Reel Doctor Talk

Hear me ROAR ?!

By Smitha R. Chadaga MD

 

As I’ve mentioned before I’m a self-described nerd.  I bought Star Trek toys in high school and went on spring vacations like Rory and Paris. In college I was in a singing group for medical students called “On Call Singers” (get it?).  Sadly we were not anywhere as cool as the Barton Bella’s in Pitch Perfect. We couldn't dance like Fat Amy (Rebel Wilson, @RebelWilson) or have riff off’s in empty pools with Beca (Anna Kendrick, @AnnaKendrick47). And maybe that is a good thing because I never strained my voice enough to get vocal nodes like Chloe (Brittany Snow, @Brittanysnow).  That’s why she got them, right?

 

Vocal nodes or vocal cord nodules are calluses on the vocal cords.  They are non-cancerous lesions that appear on both vocal cords and are usually from overuse and abuse of the vocal cords.  A vocal cord nodule differs from a vocal cord polyp which is more like a blister and can appear on one or both vocal cords.  Vocal cord polyps can be caused by overuse or abuse of the vocal cords but they can be caused by irritants such as cigarette smoke and are also associated with some medical conditions including gastrointestinal reflex and chronic allergies.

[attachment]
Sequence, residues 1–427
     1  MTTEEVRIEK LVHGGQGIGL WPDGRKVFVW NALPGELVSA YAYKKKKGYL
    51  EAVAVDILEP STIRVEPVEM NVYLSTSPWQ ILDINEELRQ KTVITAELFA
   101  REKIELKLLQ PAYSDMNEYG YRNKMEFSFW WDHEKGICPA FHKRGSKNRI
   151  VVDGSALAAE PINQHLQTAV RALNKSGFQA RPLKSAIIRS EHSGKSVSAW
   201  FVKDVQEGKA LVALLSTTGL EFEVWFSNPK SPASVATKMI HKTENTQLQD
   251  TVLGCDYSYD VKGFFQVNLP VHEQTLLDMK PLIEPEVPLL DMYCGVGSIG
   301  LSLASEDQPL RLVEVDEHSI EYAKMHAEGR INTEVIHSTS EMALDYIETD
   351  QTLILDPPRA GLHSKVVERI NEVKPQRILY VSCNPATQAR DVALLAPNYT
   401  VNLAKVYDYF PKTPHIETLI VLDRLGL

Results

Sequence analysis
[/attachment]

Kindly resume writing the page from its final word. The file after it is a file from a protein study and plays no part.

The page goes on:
People with vocal cord nodules can have hoarseness, rough or scratchy voice, and pain.  If you have symptoms for over 3 weeks then a doctor needs to take a look.  Initial treatment for vocal cord nodules is vocal rest and voice therapy.  If these interventions are unsuccessful or if the nodes are large then surgery may be needed.

 

So the next time you want to sing your heart out or scream in frustration be careful. Nor not.  At least you aren’t going to get herpes.